The US Food and Drug Administration approved the new 75mg darunavir (Prezista) tablet for use by children aged between six and 18 years. Ritonavir-boosted darunavir is approved for twice-daily dosing in combination with other anti-HIV drugs. Dosing is determined by the child’s weight; the minimum weight required for treatment with darunavir/ritonavir is 20kg.

For children weighing 20-30kg the twice-daily dose of darunavir/ritonavir is 375/50mg. Children whose weight is between 30-40kg should receive twice-daily doses of darunavir/ritonavir of 450/60mg. Children weighing over 40kg would use the adult dosing of darunavir/ritonavir at 600/100mg twice a day. Darunavir should not be used to treat HIV-positive children aged under three, and the safety and efficacy of the drug in children aged between three and six years has not been established.

Week 24 results from the DELPHI (Darunavir EvaLuation in Paediatric HIV-1-Infected treatment-experienced patients) trial reported that the drug was virologically effective and generally well tolerated in children, with a pharmacokinetic profile comparable to that in treatment-experienced adults.1 The 48-week final results confirm those findings.2

DELPHI (also known as TMC114-C212) was an ongoing, 48-week open-label study of ritonavir-boosted darunavir DRV/r). The 80 study participants were aged 6 to 17 years and had been on HAART for at least 12 weeks at baseline. The median baseline viral load was ~40,000 copies/ml and median CD4 cell count was 330 cells/mm3. All received an optimised background regimen of at least two antiretroviral agents. DRV/r dosages were assigned based on body weight.

Following 48 weeks of treatment, 65% of the participants had a one log viral load drop (vs 74% at 24 weeks), Viral load was below 400 copies/ml in 59% (vs 64% at 24 weeks) and >50 copies/ml in 48% (50% at 24 weeks).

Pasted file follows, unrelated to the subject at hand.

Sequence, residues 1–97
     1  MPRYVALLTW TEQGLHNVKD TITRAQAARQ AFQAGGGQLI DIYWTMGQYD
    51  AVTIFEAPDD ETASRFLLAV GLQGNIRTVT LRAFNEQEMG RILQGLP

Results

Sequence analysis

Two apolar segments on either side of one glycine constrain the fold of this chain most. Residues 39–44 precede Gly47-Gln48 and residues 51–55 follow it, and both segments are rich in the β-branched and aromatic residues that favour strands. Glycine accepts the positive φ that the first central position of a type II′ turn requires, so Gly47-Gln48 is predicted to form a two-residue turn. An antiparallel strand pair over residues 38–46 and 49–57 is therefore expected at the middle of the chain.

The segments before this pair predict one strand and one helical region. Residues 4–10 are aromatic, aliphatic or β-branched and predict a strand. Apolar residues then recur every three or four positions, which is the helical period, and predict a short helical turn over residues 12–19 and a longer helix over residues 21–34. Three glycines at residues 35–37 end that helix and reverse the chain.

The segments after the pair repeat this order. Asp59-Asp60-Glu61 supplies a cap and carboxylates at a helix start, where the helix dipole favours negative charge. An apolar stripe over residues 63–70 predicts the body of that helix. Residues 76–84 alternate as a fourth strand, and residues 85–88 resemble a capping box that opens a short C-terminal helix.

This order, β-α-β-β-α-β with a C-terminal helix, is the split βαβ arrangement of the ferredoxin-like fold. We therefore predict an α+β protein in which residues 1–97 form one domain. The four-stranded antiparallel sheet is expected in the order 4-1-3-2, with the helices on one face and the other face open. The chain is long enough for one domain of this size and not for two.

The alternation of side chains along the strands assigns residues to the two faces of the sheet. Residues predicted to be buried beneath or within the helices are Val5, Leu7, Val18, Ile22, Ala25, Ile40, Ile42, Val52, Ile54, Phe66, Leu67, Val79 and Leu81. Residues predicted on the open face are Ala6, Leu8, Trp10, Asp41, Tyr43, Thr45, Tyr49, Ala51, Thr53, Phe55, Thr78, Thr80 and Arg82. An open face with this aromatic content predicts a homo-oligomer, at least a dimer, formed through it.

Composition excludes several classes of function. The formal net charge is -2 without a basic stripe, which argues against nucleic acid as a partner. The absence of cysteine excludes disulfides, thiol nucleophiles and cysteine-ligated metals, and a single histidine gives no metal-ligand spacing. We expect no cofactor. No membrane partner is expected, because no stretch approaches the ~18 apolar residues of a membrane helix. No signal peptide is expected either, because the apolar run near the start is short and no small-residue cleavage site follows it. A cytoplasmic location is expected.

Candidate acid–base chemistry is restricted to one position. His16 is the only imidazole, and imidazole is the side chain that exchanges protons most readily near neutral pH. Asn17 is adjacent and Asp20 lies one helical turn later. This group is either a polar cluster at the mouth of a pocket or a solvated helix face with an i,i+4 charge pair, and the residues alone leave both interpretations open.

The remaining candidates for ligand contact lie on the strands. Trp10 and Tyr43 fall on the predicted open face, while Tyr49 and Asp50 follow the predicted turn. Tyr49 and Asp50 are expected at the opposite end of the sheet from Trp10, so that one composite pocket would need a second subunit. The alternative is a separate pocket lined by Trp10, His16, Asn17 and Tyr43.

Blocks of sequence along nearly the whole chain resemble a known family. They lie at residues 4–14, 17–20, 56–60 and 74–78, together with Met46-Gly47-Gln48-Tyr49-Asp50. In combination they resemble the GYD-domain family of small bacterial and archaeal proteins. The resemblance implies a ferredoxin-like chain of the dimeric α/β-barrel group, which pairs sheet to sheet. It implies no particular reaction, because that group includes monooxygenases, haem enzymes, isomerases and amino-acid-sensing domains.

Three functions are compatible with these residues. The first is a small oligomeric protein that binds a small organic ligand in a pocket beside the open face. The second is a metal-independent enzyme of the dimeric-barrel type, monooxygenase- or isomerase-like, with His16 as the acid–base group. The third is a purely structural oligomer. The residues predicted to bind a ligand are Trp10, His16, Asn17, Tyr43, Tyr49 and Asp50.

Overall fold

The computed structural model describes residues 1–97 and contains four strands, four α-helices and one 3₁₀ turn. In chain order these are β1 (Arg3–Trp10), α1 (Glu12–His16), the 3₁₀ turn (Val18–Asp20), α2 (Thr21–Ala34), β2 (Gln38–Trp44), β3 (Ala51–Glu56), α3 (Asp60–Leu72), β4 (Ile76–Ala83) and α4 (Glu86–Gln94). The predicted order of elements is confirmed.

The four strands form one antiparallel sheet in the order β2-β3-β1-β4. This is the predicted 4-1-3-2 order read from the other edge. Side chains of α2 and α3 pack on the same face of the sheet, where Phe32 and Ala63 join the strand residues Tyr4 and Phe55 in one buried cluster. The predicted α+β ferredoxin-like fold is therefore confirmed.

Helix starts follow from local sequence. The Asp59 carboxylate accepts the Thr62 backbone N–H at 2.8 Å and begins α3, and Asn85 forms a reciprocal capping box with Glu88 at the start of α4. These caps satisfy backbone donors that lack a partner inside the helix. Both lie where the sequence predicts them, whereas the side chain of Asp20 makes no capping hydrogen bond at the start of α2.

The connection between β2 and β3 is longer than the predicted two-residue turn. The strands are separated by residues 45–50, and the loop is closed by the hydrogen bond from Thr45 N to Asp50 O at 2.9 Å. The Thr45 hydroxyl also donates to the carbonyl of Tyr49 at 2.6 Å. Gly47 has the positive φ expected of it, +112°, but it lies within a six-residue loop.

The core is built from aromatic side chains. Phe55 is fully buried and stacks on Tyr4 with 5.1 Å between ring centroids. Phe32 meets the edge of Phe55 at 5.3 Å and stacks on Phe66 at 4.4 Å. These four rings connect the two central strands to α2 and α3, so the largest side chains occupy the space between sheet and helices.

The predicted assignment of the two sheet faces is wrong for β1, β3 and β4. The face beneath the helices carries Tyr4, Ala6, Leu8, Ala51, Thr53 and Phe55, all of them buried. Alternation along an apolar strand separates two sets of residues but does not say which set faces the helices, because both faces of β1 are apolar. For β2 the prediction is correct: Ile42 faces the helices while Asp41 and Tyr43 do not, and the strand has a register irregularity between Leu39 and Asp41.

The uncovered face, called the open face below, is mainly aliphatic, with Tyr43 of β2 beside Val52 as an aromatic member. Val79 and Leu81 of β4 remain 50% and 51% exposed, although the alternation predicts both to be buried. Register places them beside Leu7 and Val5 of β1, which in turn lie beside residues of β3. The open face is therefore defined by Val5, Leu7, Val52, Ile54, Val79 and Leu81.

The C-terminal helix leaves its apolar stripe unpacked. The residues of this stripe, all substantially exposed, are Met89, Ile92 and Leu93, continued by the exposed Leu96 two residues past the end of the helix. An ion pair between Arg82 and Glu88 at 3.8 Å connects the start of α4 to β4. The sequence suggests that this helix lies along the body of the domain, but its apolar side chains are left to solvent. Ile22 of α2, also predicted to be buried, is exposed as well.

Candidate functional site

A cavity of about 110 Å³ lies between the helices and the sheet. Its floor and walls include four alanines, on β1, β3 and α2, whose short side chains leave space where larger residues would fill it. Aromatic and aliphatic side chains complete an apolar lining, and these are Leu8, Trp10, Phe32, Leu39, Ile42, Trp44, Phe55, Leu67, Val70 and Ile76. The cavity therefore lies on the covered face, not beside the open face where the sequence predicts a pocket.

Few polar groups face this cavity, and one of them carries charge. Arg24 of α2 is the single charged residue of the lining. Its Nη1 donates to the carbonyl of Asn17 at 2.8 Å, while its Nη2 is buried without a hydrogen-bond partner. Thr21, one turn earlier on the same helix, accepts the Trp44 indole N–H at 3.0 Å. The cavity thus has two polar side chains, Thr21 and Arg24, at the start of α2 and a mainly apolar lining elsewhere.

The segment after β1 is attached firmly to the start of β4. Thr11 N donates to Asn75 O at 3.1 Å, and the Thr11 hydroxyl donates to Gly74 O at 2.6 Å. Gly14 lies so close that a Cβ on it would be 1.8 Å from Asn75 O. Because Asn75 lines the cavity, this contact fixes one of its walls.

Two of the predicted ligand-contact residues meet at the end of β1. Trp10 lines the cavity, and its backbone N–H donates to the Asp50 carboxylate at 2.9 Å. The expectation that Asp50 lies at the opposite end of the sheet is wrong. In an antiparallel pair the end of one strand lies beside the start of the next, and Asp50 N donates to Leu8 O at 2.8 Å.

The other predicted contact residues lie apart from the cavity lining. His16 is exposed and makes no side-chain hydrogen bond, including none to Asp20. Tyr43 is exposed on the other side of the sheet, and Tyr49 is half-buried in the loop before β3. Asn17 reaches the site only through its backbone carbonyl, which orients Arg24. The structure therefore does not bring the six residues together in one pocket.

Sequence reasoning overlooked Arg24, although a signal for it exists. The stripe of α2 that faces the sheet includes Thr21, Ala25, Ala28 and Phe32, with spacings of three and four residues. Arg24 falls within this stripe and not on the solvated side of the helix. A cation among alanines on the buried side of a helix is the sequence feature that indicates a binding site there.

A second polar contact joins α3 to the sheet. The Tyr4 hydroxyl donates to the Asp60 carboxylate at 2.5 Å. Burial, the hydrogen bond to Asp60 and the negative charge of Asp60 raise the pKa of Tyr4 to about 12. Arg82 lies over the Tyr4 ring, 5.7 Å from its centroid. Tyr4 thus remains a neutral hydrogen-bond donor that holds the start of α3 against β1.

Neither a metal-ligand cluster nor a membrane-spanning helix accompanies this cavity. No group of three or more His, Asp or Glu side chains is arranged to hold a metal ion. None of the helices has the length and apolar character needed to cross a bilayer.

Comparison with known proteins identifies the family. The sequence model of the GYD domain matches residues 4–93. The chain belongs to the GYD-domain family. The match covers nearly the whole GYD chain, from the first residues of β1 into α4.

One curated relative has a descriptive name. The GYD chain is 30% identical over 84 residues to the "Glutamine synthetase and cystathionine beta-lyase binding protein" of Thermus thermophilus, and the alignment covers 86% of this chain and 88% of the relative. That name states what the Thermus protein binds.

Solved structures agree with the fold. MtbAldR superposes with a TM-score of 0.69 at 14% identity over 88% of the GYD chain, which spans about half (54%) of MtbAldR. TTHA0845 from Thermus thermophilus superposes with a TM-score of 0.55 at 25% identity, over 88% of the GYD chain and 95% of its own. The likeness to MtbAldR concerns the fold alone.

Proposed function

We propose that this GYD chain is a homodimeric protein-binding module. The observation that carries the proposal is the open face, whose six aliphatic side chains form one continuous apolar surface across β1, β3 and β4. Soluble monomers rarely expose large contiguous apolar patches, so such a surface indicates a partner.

Viral load below 50 copies/ml was achieved in 59% of those with no pre-existing darunavir-associated mutations, 47% of those with 1 or 2 mutations, and in none of the participants who entered the study with three or more mutations. Inadequate background therapy (no use of enfuvirtide) was suggested as one of the possible reasons for this resistance barrier, lower than what has been seen in adults (but with comparable DRV exposure levels). The mean increase in CD4 cell count from baseline was 147 cells/mm3 (vs 117 at 24 weeks).

A grade 3 and 4 adverse event occurred in 28%, but there were no deaths. Frequent health problems were fever, cough, upper respiratory tract infections, and diarrhoea. Significant laboratory values included neutropenia (13%), increased liver enzymes and amylase (11% each), and increased lipase (4%). Lipid values were lower than at baseline, with triglycerides below normal.


  1. Bologna R et al. Safety and efficacy of darunavir co-administered with low-dose ritonavir in treatment-experienced children and adolescents at Week 24. Fifteenth Conference on Retroviruses and Opportunistic Infections, Boston, Abstract 78LB, 2008
  2. Blanche S et al. 48-week safety and efficacy of darunavir/ritonavir in treatment-experienced children and adolescents in DELPHI. 48th Interscience Conference on Antimicrobial Agents and Chemotherapy, abstract H-894, Washington, 2008